What I Learned About Buried Vegetables
What I learned about buried vegetables is nothing earth-shattering but exciting and unexpected.
I think about my old house from time to time, and all the unique things about it and buried vegetables are one of those unique things. It turns out my dog found buried vegetables in our back yard while digging as dogs do.
One day my dog was digging a hole. He loved to dig holes around the yard. I remember he dug a hole so big, we could fit make a giant pool out of it. He had dug the hole as deep as it was wide. This little mini pin dug this hole for days unknown to us. After a while, you could no longer see him. All you could see was dirt flying out of the whole. I chuckle now, but back then, it wasn’t funny.
His dirt-digging skills mined an unexpected treasure in the backyard. He managed to dig in an area close to the back porch, and it was there he dug up multiple mason jars full of vegetables. He found mason jars full of corn and green beans. Admittedly, the corn and green beans looked fresh.
Green beans anyone
The woman who owned the house before us was a canner, and she canned (jarred) her veggies in mason jars and buried them in the back yard. There’s a realistic approach to food insurance. To look at them, they still looked good, but I don’t know how many years they were buried. I had owned the house a few years already, so it was before us. But if one didn’t know any better, they could be served for dinner tonight!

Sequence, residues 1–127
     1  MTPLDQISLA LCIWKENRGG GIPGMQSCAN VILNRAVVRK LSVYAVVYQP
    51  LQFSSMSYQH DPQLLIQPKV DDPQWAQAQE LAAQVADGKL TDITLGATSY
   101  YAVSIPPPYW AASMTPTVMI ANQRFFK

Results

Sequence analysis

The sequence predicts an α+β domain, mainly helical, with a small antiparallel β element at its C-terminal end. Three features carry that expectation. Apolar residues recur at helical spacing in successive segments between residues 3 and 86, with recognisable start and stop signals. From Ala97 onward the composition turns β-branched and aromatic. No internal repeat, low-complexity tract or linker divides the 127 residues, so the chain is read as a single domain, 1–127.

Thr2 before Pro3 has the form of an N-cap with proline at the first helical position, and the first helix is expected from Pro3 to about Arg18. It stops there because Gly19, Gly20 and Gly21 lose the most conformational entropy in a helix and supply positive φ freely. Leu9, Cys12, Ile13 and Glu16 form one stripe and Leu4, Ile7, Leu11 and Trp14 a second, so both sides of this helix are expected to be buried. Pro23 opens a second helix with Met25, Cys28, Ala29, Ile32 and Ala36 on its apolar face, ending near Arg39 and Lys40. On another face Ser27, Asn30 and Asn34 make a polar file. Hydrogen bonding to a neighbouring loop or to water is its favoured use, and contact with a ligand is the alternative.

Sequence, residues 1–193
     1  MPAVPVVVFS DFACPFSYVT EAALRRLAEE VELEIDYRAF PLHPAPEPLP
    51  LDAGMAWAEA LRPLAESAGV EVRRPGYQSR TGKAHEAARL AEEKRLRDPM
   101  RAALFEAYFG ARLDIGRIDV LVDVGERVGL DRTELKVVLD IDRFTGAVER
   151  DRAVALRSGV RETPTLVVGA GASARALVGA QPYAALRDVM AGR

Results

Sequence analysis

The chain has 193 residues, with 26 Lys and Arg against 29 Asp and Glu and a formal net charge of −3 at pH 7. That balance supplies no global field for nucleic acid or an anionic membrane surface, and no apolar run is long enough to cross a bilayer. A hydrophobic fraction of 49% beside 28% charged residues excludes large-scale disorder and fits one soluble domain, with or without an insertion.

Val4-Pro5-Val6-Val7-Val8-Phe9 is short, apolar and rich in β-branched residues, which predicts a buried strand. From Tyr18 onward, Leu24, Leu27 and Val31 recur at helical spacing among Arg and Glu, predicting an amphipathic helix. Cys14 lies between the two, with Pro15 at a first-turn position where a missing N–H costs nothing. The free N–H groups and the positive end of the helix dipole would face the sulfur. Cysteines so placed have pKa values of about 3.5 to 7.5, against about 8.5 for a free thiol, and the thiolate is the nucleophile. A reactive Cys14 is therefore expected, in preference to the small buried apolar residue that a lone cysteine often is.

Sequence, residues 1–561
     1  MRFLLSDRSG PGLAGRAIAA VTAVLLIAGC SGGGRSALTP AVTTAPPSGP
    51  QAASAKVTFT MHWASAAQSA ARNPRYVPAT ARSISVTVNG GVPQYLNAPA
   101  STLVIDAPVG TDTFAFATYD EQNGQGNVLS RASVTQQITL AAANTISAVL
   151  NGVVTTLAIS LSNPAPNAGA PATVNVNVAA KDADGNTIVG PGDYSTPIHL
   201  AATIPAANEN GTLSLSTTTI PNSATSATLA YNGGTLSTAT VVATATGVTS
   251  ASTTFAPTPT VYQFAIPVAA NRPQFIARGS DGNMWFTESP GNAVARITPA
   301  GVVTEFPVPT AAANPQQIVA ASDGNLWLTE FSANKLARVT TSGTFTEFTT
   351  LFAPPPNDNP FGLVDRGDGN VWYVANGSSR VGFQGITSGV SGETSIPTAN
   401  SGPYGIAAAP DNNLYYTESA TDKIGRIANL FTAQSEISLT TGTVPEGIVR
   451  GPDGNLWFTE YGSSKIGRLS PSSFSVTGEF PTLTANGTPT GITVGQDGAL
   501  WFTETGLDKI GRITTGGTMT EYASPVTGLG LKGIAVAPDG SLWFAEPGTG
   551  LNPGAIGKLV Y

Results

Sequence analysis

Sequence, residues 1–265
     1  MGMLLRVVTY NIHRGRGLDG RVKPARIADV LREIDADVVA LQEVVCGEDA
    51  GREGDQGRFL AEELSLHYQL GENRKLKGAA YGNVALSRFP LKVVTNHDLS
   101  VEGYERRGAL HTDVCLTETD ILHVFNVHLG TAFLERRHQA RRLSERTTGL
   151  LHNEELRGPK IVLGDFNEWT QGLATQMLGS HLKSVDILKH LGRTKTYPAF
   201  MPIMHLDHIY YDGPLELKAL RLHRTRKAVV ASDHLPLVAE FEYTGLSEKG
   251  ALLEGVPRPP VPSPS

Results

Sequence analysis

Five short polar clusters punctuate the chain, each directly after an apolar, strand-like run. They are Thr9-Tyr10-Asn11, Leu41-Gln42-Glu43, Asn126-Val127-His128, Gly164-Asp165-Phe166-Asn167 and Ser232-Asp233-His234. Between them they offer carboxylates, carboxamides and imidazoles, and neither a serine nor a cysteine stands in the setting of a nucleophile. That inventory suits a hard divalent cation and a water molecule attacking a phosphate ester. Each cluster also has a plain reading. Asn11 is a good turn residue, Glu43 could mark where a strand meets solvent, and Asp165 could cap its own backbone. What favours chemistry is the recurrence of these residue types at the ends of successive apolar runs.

I didn’t eat them, and we threw them out. We couldn’t take the chance.
What this story reminds me of is how people bury things in their lives. Many people hide the pain, heartache, and the things they’ve done wrong. We think that if we cover it up, it will never be discovered. We believe if we never get help for those painful memories or painful events, no one will ever find the real truth about what we’re hiding.
Can I suggest something to you? The hurting person is not burying it from EVERYONE. God sees the pain; he sees what people are doing, and he longs to bring them comfort. He wants to bring them peace, compassion, and forgiveness. The next time we think about burying our pain like a jar of vegetables in the backyard, consider taking it to your heavenly Father first.
Isaiah 51:12, “I, even I, am he who comforts you. Who are you that you should be afraid of a man who will die. And of the son of a man who will be made like grass?”